Manualised Cognitive Remediation Therapy for adult obesity: study protocol for a randomised controlled trial.

Raman J, Hay P, Smith E - Trials (2014)

Trial flow. BWLT, Behavioural Weight Loss Therapy; CRT-O, Cognitive-Remediation Therapy for Obesity.
© Copyright Policy - open-access
Related In: Results  -  Collection

License 1 - License 2
Show All Figures
getmorefigures.php?uid=PMC4230366&req=5

Fig1: Trial flow. BWLT, Behavioural Weight Loss Therapy; CRT-O, Cognitive-Remediation Therapy for Obesity.
Mentions: Recruitment was via advertisements placed on social media sites, university and community centre notice boards and via media interviews with journalists from metropolitan and community newspapers. The initial screen was by phone to establish potential eligibility. This was followed by a face-to-face psychological and neuropsychological assessment. All 90 participants then receive group-based BWLT that will run once a week for 3 weeks, each session lasting 90 minutes. At the completion of the third and final session, participants are randomly allocated to CRT-O or no treatment. Randomisation and allocation concealment are conducted using an external computer-based program [31]. The RCT is registered with the Australian New Zealand Registry of Clinical Trials (trial id ACTRN12613000537752) (FigureĀ 1).Figure 1

Bottom Line: An intervention that could help reduce these deficits and in turn help weight loss maintenance is Cognitive Remediation Therapy for Obesity (CRT-O).We aim to examine the efficacy of manualised CRT-O, which is intended to improve executive function, enhance reflective practice and help weight loss maintenance.Measurement points will be at baseline, post CRT-O (or 4 to 6 weeks after BWLT for the no-treatment control), 3 months post treatment and 1 year post treatment.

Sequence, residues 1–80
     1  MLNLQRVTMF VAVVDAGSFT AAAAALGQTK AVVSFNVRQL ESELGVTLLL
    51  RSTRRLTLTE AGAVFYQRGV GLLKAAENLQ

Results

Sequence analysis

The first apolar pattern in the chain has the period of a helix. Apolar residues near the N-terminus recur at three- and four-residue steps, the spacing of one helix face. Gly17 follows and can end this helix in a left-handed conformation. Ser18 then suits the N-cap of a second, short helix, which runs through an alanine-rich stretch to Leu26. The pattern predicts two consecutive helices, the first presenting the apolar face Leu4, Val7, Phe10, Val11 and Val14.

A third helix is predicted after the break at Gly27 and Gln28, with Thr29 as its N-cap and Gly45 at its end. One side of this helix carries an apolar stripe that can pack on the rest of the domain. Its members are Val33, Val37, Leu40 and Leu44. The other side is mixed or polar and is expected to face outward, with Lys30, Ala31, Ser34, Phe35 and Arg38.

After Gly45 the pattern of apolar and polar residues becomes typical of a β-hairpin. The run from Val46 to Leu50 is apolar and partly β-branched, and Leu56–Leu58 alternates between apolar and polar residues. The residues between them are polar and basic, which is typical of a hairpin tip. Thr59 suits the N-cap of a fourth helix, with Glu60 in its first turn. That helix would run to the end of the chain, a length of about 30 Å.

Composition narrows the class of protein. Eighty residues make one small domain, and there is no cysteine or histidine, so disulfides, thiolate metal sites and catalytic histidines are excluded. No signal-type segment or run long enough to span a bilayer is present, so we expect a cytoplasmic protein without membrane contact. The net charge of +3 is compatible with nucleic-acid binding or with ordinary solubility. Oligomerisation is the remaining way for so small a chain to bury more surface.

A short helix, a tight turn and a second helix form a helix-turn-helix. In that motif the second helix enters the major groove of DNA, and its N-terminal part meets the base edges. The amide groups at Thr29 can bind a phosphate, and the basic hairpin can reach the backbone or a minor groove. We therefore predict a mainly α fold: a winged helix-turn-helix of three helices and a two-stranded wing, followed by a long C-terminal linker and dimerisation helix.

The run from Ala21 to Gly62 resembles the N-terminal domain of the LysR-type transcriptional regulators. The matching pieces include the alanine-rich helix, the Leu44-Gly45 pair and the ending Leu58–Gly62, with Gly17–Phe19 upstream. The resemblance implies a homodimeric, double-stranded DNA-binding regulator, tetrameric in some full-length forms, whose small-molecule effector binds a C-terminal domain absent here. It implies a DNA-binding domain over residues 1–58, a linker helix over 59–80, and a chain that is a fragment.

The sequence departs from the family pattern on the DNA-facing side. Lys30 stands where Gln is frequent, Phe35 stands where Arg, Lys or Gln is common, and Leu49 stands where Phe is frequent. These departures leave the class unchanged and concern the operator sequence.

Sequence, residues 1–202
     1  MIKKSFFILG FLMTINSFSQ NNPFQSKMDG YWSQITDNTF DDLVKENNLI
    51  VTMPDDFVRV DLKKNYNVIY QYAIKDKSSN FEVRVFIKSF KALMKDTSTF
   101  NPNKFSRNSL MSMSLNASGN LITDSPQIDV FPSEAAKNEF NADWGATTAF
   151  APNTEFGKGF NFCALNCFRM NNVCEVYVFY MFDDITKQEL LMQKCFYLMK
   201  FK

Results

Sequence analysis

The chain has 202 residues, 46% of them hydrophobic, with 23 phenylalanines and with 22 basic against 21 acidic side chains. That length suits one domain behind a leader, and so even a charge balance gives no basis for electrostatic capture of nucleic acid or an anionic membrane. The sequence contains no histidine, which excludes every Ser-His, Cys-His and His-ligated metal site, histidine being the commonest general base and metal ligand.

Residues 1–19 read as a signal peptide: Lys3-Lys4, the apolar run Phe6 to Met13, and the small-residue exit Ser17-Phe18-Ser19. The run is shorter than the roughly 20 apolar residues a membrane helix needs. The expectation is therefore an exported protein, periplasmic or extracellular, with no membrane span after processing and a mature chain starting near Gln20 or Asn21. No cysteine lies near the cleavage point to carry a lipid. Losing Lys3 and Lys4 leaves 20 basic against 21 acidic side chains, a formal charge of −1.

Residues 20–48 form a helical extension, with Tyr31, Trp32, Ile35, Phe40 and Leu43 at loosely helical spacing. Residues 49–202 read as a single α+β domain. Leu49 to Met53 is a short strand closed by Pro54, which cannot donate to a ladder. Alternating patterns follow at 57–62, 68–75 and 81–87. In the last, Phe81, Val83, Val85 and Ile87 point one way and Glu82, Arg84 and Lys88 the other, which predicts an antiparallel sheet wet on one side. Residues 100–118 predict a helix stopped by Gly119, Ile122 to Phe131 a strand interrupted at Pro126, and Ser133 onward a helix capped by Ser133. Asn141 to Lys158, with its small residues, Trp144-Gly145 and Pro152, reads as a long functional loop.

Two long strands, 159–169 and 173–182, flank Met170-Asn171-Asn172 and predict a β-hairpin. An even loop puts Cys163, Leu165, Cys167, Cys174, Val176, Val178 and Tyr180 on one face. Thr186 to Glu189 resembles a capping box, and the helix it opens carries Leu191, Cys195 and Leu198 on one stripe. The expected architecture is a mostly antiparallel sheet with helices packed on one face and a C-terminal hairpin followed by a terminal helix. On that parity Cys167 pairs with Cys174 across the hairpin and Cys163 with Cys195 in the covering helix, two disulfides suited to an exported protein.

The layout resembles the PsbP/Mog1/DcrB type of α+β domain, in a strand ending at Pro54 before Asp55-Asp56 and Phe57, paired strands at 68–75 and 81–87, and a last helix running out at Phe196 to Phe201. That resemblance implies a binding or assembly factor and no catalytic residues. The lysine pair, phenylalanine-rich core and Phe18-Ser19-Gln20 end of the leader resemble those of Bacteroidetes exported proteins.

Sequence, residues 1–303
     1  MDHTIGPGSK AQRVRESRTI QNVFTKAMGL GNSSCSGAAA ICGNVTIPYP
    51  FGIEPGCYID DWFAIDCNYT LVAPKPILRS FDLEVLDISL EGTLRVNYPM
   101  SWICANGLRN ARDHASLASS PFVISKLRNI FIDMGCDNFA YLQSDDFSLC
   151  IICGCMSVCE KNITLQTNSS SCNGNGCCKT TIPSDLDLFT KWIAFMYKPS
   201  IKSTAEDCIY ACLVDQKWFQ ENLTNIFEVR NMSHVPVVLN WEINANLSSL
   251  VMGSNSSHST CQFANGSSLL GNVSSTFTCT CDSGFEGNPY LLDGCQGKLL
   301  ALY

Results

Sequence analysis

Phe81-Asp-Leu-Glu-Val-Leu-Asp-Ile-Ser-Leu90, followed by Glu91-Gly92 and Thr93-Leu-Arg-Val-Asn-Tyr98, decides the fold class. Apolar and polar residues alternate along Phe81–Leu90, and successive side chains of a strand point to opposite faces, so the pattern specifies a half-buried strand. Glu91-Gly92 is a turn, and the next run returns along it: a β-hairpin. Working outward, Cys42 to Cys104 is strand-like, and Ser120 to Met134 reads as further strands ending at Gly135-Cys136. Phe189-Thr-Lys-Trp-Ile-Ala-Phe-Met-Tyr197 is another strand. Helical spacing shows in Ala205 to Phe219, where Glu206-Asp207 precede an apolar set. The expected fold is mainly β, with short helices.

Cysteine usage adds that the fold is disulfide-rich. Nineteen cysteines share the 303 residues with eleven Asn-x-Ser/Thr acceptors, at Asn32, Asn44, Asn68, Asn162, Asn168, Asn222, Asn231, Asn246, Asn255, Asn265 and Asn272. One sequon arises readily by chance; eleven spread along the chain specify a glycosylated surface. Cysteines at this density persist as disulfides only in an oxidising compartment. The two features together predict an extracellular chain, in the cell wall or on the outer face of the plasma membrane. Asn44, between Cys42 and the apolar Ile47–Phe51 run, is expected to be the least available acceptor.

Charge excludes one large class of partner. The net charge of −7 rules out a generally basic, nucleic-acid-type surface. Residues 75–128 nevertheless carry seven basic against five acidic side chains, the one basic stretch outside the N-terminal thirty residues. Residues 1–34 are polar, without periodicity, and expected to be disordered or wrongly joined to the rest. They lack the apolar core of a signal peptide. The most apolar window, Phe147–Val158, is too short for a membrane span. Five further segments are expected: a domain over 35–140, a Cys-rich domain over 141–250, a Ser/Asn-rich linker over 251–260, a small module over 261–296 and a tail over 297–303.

View Article: PubMed Central - PubMed

Affiliation: Centre for Health Research, School of Medicine, University of Western Sydney, Locked Bag 1747, Penrith, NSW 2751, Australia. P.Hay@uws.edu.au.

ABSTRACT

Background: Research has shown that obese individuals have cognitive deficiencies in executive function, leading to poor planning and impulse control, and decision-making difficulties. An intervention that could help reduce these deficits and in turn help weight loss maintenance is Cognitive Remediation Therapy for Obesity (CRT-O). We aim to examine the efficacy of manualised CRT-O, which is intended to improve executive function, enhance reflective practice and help weight loss maintenance.

Methods/design: A randomised controlled trial (registered with the Australian New Zealand Clinical Trials Registry) will be conducted. First, 90 obese adults (body mass index >30 kg/m2) in the community will receive three weekly sessions of a group Behaviour Weight Loss Treatment (BWLT), and then will be randomised either to receive CRT-O or to enter a no-treatment control group. CRT-O training will comprise twice-weekly sessions of 45 minutes over a 4 to 6 week period, for a total of eight sessions. Measurement points will be at baseline, post CRT-O (or 4 to 6 weeks after BWLT for the no-treatment control), 3 months post treatment and 1 year post treatment. The primary outcome will be executive function and secondary outcome measures will include participants' body mass index, hip to waist ratio, eating behaviours and quality of life.

Discussion: This is the first study of its kind to examine the efficacy of Cognitive Remediation Therapy for obese adults through a randomised controlled trial.

Trial registration: Australian New Zealand Clinical Trials Registry number: 12613000537752. Date of registration: 14 May 2013.

Show MeSH
Related in: MedlinePlus